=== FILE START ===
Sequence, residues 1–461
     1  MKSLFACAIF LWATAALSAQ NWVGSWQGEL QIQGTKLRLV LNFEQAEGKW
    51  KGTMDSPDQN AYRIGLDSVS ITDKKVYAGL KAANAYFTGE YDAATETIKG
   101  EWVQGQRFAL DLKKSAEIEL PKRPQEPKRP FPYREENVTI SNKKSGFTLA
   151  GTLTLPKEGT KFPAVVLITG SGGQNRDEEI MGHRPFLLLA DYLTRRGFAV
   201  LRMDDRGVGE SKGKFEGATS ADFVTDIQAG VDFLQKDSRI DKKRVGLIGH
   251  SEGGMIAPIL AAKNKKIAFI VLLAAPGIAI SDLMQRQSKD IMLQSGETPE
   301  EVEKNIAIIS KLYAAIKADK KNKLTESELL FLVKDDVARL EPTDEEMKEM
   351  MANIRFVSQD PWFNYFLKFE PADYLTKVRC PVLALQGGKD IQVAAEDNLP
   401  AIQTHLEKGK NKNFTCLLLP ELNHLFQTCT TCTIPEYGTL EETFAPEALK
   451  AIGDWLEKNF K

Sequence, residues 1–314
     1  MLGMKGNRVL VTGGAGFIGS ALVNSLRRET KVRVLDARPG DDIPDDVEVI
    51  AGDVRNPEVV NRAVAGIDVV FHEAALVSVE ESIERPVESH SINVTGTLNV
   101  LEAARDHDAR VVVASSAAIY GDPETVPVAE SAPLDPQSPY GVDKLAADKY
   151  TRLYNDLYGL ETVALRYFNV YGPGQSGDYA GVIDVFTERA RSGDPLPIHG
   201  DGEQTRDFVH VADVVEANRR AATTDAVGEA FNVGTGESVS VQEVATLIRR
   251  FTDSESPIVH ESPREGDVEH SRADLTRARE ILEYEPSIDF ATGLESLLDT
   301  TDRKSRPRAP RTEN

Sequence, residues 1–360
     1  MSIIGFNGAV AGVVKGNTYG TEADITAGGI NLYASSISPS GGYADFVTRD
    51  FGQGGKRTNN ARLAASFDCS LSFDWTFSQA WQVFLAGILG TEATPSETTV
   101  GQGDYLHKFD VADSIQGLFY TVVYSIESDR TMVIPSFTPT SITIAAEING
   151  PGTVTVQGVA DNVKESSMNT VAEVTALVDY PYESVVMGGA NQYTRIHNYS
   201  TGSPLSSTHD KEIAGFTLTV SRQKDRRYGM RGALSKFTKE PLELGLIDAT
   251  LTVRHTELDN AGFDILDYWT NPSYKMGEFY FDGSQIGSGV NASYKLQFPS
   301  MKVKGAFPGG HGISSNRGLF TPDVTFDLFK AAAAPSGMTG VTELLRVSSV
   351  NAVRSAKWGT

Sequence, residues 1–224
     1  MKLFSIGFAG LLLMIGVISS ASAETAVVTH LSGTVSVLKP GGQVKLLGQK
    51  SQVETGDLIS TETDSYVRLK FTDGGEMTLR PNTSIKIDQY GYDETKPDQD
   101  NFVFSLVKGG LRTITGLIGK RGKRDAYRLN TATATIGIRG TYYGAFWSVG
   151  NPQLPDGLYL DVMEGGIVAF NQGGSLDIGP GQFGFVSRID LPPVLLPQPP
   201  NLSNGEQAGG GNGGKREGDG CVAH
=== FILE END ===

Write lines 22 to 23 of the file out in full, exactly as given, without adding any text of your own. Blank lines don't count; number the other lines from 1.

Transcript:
    51  FGQGGKRTNN ARLAASFDCS LSFDWTFSQA WQVFLAGILG TEATPSETTV
   101  GQGDYLHKFD VADSIQGLFY TVVYSIESDR TMVIPSFTPT SITIAAEING